And what hardware (projector, CRT, LCD) was displaying the clip? If it's the world's crappiest TV how are they gonna tell the difference? They aren't. So it could well have been rigged like that.


This might even be a bigger whopper than the picture quality myths. In the movie "The Rock", a character asks Nicholas Cage why he just spent $500 on an old Beatles LP record. The reply? "Two reasons. Number one, I'm a Beatle maniac. And number two, these sound better."

This quote has no relevance. It highlights analog over digital yes, but then an LP is NOT a VHS tape.


It gets worse, though. Not only is DVD sound digital, it is compressed digital. Anybody who has ever heard the sound quality of an MP3 file when compared to its original source can tell you that digital compression makes already-bad audio sound even worse. Of course, if the DVD video is compressed, why should the zealots care if the audio is compressed?

It's not encoded in MP3. It's encoded in AC3. It has a relatively (for a lossy codec) high bitrate. Sure it's digital, but since you're such an analog zealot you already use tube-amps, right?


VHS tapes, on the other hand, are virtually impossible to destroy. If a part of the tape gets dirty or crinkled, you may have to put up with a few lines of static for a few seconds, but that's it. Unlike a DVD, it is not possible to easily destroy an entire movie, since doing so would require you to destroy an extended length of magnetic tape. Even in severe cases where defective players "eat" the video tape, all that one needs to do is wind the tape back up into the cartridge. Compared to their fragile digital brothers, VHS tapes are invincible.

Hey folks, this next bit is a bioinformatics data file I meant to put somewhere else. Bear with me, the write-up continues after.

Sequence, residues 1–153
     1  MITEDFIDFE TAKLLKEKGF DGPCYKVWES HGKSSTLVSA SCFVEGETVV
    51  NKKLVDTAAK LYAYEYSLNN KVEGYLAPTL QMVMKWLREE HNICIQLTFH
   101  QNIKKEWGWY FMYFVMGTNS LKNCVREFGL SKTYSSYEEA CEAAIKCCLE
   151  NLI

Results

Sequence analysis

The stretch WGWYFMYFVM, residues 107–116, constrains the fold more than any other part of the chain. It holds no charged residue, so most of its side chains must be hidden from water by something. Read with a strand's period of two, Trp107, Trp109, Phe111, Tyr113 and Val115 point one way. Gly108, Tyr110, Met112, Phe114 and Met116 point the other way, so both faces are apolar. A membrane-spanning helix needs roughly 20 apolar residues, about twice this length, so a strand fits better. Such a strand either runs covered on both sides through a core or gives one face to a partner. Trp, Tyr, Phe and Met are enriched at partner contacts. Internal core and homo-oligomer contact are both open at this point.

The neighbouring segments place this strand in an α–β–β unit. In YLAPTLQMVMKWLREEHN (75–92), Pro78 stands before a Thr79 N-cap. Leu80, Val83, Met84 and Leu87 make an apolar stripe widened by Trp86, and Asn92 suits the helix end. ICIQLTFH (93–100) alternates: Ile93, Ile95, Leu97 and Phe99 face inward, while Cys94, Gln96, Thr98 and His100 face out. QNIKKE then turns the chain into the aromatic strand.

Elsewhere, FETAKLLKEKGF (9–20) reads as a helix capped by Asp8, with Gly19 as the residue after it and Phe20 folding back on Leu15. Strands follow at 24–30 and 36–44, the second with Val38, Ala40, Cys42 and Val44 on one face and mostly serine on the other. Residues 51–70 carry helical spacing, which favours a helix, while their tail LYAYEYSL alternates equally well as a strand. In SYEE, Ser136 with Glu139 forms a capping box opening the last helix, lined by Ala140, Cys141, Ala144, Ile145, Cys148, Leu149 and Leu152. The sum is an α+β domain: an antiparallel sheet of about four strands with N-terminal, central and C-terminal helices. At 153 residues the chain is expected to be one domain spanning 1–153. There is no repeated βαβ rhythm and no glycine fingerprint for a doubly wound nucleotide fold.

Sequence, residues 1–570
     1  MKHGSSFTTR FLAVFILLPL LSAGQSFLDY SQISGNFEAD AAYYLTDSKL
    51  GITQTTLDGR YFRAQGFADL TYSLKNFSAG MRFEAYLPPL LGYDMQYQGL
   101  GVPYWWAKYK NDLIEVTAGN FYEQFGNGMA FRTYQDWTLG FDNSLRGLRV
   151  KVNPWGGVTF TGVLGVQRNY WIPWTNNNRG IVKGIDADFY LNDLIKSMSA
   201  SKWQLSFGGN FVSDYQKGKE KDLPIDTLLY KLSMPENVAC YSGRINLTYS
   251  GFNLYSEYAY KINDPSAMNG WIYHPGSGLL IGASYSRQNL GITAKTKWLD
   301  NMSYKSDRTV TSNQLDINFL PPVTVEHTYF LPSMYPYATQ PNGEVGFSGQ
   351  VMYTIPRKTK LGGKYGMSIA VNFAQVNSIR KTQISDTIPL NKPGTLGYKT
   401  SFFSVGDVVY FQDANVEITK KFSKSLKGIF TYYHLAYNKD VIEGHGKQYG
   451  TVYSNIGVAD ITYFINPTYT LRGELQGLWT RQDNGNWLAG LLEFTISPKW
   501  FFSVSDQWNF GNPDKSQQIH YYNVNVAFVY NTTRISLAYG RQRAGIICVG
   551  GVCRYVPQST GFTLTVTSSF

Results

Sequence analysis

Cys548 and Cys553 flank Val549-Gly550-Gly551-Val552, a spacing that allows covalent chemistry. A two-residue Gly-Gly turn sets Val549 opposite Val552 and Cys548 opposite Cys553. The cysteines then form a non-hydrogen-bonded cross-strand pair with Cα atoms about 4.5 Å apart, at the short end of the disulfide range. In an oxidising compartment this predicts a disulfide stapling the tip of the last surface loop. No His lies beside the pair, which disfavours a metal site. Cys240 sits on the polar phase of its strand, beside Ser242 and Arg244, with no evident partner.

No, because the tape can snap. But you're right, they're COMPLETELY immune to children. Until they get the fridge magnets off the fridge...


DVD preserves better than VHS tapes

Again, this is mostly a lie. Any parent who has young children and a collection of Disney VHS movies knows that those things can be watched a dozen times of day for three years straight without showing any appreciable wear. Yes, the digital nature of DVD means that the encoded bits will never "wear out", but VHS movies rarely "wear out", either.
A DVD lasts 20-30 years. Don't you DARE tell me a VHS lasts that long, because the film degrades. Also a Disney VHS will NOT last over 13,000+ watches without degrading. The head touches the tape and wears a very thin layer away. That's a lot of layers.


Those are the highlights. The truth is that for all practical purposes, VHS is a better all-around home theater format than DVD. There are many little things that make VHS a better choice; for one, you don't have to put up with the annoying pause when a DVD player switches between layers on the disc. Additionally, linear searches forward and back are much smoother than they are on a DVD player .. even the most brainwashed DVD junkies admit that searching DVDs is a bit choppy.